Merry Christmas, friends ♥♥♥
Blood Orange Macarons
I love the beautiful colour and flavour that freeze dried blood orange powder gives these macaron shells.
If you cannot find freeze dried blood orange powder, substitute a few drops of a good quality terpenless orange extract. Add the extract to the almond meal, food colour, and egg white mixture before mixing to a paste.
If you are using the blood orange juice powder, you only need a few drops of orange food colouring to tone down the redness of the powder. If using the orange extract instead, add a little red colour to the orange to give a slightly deeper colour reminiscent of blood oranges.
150 grams almond meal
150 grams icing sugar
30 grams freeze-dried blood orange juice powder* (I use Fresh As)
55 grams egg white
orange and red colour food colouring q.b.
135 grams sugar
40 grams water
55 grams egg white
pinch cream of tartar
Preheat the oven to 140°C. Line 2 large baking sheets with silpat sheets or baking paper. Set aside.
Place the almond meal, icing sugar, and blood orange juice powder in the bowl of a food processor and pulse until the mixture is very fine and silky in texture. You can test it between two fingers. I do this before sifting the mixture, but if you prefer, just sift the almond meal, icing sugar, and blood orange powder together. Once done, place in a large mixing bowl. Mix together the 55 grams of egg white and the food colouring, if using. If you are using orange extract instead of the powder, add it to the egg white mixture. Add the egg white to the almond meal mixture and mix well with a spatula or pastry scraper until you get a smooth paste. Set aside.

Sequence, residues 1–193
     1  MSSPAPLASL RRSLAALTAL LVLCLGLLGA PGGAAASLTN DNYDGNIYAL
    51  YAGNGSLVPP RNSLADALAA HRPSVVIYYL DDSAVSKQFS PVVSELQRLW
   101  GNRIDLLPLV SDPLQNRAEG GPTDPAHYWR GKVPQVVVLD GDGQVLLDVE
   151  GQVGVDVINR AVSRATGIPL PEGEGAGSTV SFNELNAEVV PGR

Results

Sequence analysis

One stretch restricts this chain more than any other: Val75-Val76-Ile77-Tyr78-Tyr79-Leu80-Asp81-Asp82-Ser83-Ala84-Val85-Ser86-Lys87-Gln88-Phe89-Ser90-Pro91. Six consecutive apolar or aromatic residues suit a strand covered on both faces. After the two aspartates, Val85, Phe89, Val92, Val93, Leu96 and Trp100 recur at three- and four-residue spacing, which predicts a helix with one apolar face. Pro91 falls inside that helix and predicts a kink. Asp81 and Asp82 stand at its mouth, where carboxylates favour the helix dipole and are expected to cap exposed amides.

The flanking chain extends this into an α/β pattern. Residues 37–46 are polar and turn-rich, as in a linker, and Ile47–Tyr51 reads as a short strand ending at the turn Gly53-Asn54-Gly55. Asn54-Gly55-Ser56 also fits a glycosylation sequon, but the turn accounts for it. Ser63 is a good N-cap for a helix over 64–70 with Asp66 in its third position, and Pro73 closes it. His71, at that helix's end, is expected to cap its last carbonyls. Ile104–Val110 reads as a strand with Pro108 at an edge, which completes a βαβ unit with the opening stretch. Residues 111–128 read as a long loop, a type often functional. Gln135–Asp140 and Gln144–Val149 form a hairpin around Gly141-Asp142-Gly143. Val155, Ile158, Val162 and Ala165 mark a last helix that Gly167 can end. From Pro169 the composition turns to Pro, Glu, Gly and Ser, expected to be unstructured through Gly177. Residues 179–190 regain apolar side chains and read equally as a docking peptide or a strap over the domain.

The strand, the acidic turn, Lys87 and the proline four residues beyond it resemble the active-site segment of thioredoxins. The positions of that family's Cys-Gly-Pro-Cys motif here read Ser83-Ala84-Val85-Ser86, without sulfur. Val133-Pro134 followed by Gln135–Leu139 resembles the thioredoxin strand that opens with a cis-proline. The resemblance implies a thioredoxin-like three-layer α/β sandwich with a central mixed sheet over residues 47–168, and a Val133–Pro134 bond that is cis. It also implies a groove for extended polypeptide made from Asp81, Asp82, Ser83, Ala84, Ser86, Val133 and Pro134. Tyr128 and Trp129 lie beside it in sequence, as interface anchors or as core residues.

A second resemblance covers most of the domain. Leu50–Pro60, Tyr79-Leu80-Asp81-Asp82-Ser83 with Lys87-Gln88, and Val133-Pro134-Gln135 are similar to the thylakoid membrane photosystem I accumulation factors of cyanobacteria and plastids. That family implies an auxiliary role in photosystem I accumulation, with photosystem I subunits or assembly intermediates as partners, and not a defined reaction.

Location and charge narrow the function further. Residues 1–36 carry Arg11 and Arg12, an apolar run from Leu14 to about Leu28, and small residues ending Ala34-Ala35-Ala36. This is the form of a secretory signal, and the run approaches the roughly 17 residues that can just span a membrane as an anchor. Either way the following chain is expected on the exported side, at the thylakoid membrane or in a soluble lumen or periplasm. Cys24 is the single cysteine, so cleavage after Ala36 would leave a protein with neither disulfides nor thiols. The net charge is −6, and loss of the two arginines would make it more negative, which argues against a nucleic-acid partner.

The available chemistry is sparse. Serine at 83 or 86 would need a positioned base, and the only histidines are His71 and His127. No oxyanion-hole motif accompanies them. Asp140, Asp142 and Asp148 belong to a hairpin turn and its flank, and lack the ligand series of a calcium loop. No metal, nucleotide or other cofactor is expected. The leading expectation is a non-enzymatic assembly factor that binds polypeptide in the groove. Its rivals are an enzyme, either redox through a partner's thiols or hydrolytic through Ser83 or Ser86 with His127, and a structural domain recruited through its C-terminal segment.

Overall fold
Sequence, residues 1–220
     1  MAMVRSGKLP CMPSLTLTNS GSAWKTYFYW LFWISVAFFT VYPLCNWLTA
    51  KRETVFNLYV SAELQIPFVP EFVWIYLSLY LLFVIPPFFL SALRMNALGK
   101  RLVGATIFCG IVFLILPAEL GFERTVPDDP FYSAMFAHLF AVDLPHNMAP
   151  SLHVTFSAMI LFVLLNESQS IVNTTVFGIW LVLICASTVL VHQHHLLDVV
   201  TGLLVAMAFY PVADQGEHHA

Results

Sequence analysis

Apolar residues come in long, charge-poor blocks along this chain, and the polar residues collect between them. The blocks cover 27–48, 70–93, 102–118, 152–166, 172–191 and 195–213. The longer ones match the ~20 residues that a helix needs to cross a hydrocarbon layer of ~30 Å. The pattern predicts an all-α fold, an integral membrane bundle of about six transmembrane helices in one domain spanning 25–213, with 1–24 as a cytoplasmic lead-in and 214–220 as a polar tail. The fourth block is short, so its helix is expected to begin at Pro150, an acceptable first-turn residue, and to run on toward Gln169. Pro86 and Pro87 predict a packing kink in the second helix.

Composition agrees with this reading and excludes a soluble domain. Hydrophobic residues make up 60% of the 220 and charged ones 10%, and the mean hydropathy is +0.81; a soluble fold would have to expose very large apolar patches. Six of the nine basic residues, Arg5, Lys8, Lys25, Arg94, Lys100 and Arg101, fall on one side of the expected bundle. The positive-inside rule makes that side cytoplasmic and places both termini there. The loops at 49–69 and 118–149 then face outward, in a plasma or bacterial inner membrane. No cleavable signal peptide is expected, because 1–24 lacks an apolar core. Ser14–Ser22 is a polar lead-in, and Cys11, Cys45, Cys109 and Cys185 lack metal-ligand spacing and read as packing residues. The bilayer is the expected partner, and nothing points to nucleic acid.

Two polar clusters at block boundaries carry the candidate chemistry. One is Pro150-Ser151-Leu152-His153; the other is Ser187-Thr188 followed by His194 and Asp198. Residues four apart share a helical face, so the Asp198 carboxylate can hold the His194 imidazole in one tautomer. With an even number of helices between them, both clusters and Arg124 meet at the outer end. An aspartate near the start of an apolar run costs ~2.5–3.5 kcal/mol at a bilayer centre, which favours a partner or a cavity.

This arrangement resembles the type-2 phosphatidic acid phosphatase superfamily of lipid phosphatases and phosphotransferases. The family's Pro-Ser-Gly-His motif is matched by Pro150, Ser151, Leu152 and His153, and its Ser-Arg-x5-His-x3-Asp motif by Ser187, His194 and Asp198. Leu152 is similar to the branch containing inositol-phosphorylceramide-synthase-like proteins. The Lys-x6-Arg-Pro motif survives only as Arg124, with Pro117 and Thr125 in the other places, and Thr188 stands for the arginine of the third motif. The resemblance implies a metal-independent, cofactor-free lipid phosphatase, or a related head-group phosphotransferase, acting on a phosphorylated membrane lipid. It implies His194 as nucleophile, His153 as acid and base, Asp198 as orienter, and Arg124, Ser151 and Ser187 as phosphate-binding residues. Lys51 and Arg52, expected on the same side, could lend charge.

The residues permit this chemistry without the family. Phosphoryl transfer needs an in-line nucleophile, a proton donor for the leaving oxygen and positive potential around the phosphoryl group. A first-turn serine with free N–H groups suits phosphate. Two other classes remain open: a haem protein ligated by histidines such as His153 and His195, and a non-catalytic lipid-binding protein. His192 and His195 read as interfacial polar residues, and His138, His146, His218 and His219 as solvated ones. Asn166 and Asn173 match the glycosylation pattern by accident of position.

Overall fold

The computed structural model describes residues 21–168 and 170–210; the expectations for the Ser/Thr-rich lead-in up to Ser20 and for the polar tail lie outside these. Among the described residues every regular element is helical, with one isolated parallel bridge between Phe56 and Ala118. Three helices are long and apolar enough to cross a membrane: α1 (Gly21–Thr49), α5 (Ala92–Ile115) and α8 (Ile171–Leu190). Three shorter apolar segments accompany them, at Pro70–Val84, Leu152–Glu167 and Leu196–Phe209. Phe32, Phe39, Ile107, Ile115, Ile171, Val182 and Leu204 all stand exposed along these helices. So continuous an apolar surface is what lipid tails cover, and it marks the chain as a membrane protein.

Place the remaining 55 grams of egg white and cream of tartar into the bowl of a heavy-duty mixer and start whisking at low to medium speed. Place the water into a saucepan and add the sugar. Dissolve the sugar, in the water, over a low heat. Bring to the boil and cook until the sugar reaches 118°C. By this stage the egg whites should have reached a soft peak stage. Continue whisking at medium speed as you pour the syrup into the egg whites in a thin, steady stream. For best results, pour the syrup down the side of the bowl directly on to the egg white, but stay clear of the whisk. Keep whisking until the bowl cools to just warm. I usually whisk the meringue for about 10 minutes or so and turn up the speed for a minute or two at the end. The meringue should be fairly stiff but not dry. When you lift the whisk, there should be a solid clump on the whisk. It should be able to look you in the eye without flinching.